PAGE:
- Jessica Morgan McAtee
Updated: Jan 6, 2020
My first 40 years on earth did not exemplify serenity.
I intend to change that for the next 40.
My personality is assertive. Many people are withdrawn or at least obliging. Not me. If things didn't go my way, I developed a habit of trying to force them to.
When it comes to butterfly gardening, or nature, I have had to learn that this doesn't work. There is a season for everything and wisdom say some things are out of my hands.
In the first few years of my butterfly garden, I saw incredible results. Fifteen or so species showed up daily and this delighted me. Yet, upon learning that there were many MORE species that lived in my area, I wanted to attain them as well. It was a compulsive urge that I figured I could solve by simply planting their host plants.
The Atala (Eumaeus atala) butterfly was one that I had not found in my garden, but had seen around the area. I planted its host plants and expected them to show up quickly and as readily as the other species I had.
Only they didn't.
Years went by without them.
This little black butterfly with an orange-red abdomen is is gorgeous and though they don't open their wings often, when they do it's dazzling blue/green. Males have more blue/green than females and are typically smaller. I just had to have them.
They are a Florida butterfly and typically a south Florida one at that. They are naturally found in Palm Beach, Broward and Dade counties, though colonies have popped up in other southern locations.
Atalas were thought to be extinct from the 1930s to the 1950s. This happened because their only known host plant (at the time), native Coontie (Zamia integrifolia) was over harvested. As we know, if a host plant disappears, so do the butterflies that require it for survival. Today, we know they can also use some exotic species of cycads.
Happily, extinction was not the case and Atala colonies can still be found. Yet, the butterflies aren't very easy to predict and just because you live in Broward and have a grouping of Coontie plants, doesn't mean you will see them regularly.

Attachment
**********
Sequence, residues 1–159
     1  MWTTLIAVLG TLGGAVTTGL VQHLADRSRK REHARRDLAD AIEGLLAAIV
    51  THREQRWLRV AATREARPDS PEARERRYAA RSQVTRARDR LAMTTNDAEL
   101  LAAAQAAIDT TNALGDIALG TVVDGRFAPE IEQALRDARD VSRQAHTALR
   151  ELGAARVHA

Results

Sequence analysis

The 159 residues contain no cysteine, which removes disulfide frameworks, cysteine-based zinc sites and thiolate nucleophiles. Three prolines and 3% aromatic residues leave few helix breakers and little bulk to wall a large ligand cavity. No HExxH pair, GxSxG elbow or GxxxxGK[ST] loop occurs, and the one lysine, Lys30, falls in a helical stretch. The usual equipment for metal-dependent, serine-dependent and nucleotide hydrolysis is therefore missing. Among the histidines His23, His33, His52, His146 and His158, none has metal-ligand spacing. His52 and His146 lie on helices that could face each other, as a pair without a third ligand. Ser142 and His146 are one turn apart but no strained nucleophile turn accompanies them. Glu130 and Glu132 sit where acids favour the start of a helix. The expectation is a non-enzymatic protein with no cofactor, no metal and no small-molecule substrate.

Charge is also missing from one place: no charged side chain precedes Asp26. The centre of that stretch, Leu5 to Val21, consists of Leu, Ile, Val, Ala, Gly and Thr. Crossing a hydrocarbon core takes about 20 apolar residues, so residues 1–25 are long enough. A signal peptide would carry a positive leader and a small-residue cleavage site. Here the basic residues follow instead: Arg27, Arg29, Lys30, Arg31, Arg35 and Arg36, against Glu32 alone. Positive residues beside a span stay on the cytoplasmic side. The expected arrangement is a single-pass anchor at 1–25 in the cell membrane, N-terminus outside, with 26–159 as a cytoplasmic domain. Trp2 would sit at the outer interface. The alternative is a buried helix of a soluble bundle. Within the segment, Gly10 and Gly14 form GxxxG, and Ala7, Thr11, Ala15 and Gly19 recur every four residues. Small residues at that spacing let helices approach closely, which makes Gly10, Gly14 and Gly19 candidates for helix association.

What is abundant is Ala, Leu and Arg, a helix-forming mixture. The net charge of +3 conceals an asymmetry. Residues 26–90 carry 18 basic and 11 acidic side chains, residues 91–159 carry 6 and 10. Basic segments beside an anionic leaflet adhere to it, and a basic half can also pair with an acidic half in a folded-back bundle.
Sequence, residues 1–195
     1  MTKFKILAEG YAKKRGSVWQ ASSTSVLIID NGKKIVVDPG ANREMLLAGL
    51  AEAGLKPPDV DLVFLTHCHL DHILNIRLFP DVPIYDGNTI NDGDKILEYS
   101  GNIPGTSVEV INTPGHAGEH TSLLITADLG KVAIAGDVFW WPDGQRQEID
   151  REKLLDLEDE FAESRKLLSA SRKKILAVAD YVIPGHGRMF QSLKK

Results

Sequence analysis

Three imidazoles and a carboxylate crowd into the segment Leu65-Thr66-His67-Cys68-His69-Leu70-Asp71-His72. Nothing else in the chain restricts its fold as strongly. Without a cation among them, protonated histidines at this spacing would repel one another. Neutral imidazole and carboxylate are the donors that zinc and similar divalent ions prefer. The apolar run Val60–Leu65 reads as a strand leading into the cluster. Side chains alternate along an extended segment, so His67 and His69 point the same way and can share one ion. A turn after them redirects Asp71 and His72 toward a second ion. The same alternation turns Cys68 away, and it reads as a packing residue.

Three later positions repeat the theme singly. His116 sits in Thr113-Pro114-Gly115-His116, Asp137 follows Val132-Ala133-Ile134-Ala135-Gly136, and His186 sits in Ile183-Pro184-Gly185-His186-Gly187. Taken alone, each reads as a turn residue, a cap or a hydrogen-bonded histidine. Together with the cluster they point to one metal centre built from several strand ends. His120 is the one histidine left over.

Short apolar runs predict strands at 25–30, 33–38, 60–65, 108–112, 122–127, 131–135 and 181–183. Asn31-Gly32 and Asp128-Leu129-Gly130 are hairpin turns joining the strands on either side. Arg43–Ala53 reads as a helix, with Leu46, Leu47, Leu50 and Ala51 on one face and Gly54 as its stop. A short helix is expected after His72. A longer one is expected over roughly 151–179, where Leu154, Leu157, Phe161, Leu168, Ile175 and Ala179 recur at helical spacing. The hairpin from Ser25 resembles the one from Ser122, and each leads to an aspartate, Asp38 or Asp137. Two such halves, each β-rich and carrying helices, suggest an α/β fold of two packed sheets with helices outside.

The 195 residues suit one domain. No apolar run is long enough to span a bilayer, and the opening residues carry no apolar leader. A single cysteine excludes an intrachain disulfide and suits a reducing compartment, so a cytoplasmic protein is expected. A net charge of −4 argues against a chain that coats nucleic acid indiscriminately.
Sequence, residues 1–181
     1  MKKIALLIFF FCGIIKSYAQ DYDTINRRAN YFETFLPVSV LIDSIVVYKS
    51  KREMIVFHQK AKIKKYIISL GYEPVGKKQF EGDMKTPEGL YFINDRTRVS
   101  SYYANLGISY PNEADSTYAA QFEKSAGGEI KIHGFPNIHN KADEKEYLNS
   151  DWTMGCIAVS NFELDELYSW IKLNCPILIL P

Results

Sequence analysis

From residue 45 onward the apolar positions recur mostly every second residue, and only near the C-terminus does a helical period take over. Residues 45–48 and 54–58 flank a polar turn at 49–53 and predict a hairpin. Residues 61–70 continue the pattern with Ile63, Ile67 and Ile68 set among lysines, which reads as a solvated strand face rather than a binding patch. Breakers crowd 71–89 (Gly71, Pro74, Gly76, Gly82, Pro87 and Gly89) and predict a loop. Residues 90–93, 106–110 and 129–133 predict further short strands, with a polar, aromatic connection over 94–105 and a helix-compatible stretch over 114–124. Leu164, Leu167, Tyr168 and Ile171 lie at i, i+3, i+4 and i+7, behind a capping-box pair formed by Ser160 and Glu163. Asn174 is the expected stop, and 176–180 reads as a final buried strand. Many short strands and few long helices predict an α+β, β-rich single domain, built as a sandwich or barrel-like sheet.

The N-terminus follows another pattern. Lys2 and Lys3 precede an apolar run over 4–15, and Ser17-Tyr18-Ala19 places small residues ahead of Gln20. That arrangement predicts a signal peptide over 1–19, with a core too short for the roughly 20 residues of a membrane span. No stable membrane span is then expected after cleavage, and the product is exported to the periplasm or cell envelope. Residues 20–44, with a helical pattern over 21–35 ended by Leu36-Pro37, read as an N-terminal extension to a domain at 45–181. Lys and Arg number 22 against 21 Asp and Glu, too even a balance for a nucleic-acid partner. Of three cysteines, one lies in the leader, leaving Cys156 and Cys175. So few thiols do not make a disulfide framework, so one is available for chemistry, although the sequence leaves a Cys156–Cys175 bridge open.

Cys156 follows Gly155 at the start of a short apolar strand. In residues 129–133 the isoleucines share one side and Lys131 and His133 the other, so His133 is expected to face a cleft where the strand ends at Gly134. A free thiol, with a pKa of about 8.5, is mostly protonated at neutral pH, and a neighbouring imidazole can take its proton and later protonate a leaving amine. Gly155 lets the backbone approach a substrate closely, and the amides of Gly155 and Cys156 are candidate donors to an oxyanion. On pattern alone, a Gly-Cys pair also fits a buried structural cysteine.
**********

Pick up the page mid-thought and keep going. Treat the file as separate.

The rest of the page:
I waited for 14 years and never had a colony of Atalas on my healthy and vibrant, Broward Coontie plants. Gardeners in my city had them. I would see them in parking lots nearby (Coontie are often used in landscaping projects). I saw them at my work close-by, but I didn't have them at home.
Recently, the University of Florida has reared and released many Atalas into the wild. I'm not sure if that was a factor, but last September, I finally got a colony in my garden! They were everywhere. Hundreds of them were flying in my habitat. When these babies move in, they bring their friends and family and a colony is born!
There were caterpillars.
There were mating pairs.
There were pupae
There were new adults emerging every day.
They imbibed my Sweet Almond for nectar.
Since they are toxic to most predators, they are somewhat lazy and don't fly away when you approach them. They are easy to photograph and sometimes even to hold like this female.
I had always heard that the more Coontie you have, the better. This is true because as long as your garden has nectar sources and Coontie plants, they won't leave....(until they eat all of the host plants, then they will).
By December, my Coontie plants had no more leaves to eat, so the colony vanished.
This year, the plants have all come back to life with fresh new growth and plenty of leaves. This normally happens within a growing season.
But, no Atalas are in my yard this October.
There are some things that I can change and some I cannot. Wisdom says I provide a wonderful habitat for them...
Then I wait patiently with gratitude for the time they were here, grace that I am doing all that is in my power to attract them and hope that one day I will experience the joy of an Atala colony again.
I intend to keep this serenity as a way of life and I am thankful for the lessons from the Atalas.
If you would like to learn more about butterfly gardening, check out my free class here and like www.happybutterfly.net.